Encouraging Effective Proofreading

Daniel Emery

Few issues create more consternation among instructors than students’ perceived inability to proofread. For many instructors, typographic errors, misspelling, punctuation errors, and errors in tense, reference, and agreement may be signs of inattention to detail or deficiencies in basic skills. It almost seems that the more trivial the error, the more likely the error to solicit frustration, anger, and despair. Unfortunately, frustration with errors tends to multiply as errors multiply, even across drafts and students. This tip will identify some reasons why even advanced students might make common errors and how instructors can reinforce the proofreading habits students may have been taught, but may not apply consistently.


How writers make errors and when instructors notice

In 2008, Andrea Lunsford and Karen Lunsford identified the most common errors in student texts, replicating a series of studies that have examined where and how students make mistakes in their writing. The list includes errors in grammar, usage, style, punctuation, and vocabulary (along with examples of both the error and its remedies). Significantly, the most common errors, including word choice and spelling (including homophones), punctuation, and common usage are difficult to detect with default spelling and grammar checks.

The study challenged several common presumptions regarding student errors. For example, little evidence suggested that students’ writing had grown significantly more error-prone over time (writers in 1917, 1930, 1986, and 2006 averaged slightly more than two errors per 100 words). However, the types of errors have varied over time, and the attention to particular errors varied dramatically among instructors both across and within samples.

Research since the 1980s has suggested that cognitively demanding writing tasks increase the likelihood and frequency of writing errors. Although increased complexity can increase readers’ tolerance of error (meaning readers see fewer errors in writing they find interesting or compelling), students may find themselves facing a scenario where they are more likely to make mistakes, and their experienced instructors are less likely to ignore them.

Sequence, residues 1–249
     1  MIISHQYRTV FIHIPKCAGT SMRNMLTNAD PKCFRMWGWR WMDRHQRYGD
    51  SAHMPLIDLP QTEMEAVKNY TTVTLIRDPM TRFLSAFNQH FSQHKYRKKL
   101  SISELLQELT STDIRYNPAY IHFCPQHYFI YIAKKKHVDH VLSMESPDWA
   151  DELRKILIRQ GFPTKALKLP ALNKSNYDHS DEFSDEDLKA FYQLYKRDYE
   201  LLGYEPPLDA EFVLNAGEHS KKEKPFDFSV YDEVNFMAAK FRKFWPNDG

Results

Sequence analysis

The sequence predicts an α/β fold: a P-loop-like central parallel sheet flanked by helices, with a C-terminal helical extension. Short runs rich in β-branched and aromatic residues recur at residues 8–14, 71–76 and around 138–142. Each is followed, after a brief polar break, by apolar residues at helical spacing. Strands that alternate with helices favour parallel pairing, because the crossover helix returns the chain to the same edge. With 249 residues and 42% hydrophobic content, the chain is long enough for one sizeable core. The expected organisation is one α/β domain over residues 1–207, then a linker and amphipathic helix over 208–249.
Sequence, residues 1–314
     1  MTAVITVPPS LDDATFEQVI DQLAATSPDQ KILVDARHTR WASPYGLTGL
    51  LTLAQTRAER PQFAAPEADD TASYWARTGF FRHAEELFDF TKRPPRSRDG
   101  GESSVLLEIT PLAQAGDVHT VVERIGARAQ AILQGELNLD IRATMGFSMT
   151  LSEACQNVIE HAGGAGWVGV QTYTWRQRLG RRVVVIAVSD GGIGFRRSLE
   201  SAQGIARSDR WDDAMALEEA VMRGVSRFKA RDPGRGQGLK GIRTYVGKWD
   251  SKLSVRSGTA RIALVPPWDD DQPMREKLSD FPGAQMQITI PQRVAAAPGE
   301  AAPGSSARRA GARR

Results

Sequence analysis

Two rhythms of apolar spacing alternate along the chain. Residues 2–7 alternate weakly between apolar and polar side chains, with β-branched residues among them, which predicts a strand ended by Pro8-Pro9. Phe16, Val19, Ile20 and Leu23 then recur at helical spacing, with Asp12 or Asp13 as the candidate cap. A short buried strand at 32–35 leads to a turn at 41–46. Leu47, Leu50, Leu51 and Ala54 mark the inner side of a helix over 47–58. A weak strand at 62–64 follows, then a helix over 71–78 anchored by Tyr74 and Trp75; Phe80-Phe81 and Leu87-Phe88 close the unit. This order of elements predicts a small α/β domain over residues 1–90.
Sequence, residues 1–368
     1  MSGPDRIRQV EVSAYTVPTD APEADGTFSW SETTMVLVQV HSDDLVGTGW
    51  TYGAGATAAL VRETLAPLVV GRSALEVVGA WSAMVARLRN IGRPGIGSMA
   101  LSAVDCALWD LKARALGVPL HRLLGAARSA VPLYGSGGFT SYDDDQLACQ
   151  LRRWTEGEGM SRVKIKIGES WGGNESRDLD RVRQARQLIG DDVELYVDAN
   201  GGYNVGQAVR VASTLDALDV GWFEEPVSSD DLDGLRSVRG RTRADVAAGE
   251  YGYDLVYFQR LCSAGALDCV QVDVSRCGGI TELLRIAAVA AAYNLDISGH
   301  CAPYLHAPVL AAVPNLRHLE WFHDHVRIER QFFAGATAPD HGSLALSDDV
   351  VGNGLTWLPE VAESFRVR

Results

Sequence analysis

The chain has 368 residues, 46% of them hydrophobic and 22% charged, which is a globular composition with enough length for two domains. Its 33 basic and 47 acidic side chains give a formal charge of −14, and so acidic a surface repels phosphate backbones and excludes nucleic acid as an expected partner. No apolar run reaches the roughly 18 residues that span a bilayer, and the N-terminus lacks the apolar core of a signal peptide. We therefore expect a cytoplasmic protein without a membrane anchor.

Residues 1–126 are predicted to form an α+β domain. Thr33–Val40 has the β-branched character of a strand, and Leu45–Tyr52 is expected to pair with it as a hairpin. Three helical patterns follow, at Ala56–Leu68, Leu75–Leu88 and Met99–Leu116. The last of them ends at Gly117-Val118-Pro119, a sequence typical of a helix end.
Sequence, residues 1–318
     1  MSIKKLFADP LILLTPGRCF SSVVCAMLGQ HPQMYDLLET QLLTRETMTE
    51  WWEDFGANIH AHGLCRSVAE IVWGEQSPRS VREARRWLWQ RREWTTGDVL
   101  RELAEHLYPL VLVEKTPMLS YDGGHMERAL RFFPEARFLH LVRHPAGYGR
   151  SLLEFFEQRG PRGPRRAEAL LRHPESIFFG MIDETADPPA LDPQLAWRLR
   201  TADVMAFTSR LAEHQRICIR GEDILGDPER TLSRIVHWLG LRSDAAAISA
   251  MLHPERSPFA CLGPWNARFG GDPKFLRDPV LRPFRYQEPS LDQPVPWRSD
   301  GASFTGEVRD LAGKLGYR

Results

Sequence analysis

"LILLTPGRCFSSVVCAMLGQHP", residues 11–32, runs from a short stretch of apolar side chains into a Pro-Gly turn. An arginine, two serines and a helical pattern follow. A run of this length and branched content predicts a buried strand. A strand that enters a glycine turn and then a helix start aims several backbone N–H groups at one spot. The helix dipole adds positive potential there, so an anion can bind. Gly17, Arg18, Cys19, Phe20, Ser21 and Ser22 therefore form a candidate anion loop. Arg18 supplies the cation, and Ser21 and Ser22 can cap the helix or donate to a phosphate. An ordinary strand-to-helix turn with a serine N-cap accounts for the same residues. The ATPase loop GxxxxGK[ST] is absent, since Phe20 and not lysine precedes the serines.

Finally, recent research also suggests that confirmation bias may also influence readers’ error detection (readers predisposed to find errors will find more and judge errors more severely). Implicit bias may lead instructors to attend more carefully to errors in student writing, even when students and faculty do not meet face to face.

In-class strategies for helping students to proofread

Differentiate review and revision from proofreading and editing: Students should be encouraged to review and revise their writing to ensure that their work meets the expectations of audience and purpose explained in the assignment. After a process of revision, proofreading and editing are the examination of surface features of writing to identify and correct common errors. Very few writers can do both at the same time. It may be useful to demonstrate the processes of peer review common in your research field, as the distinctions between manuscript review and editing are often quite explicit.

Ask students to document their proofreading strategies: While you may not want to introduce your students to the full spectrum of copy editor’s marks, encourage students to identify their errors by type as well as to make corrections. When students identify errors by type, they can become more aware of their patterns of errors, allowing them to more readily recognize and remedy their most persistent challenges

Encourage students to proofread in multiple passes: In an initial pass, ask students to look only at the relationships between subjects and verbs, perhaps by underlining verbs in their sentences and drawing arrows to the subjects. In a second pass, ask students to check for spelling and word choice errors.  Finally, ask students to examine terminal punctuation and punctuation around quoted material.

Familiarize students with built-in review tools: Many students rely on the default settings in word processing programs for their proofreading. If students are using a different software package, tool, or means of display, alert them that they may need to pay increased attention to errors.

Show students the style your field demands: Students may be familiar with conventions for writing in one field but unfamiliar with those in others. Bring copies of style guides and references common to your field and give them practice in seeking answers to their style questions.

Prepare students to notice what you notice: Because faculty vary in their attention to common errors, use previous student papers to determine which errors are most likely to catch your attention, including common homonyms and other errors that may be particular to your field or its genres.

Provide proofreading time the day the assignment is due: On the due date of the assignment, ask students to bring completed drafts of their assignments, but allow proofreading time before final submission.  When required to devote time to proofreading , students are often able to detect their own errors. You may choose to allow students to resubmit an edited copy or assure students that the errors they detect and correct will be treated more graciously that those they ignore or fail to detect. 

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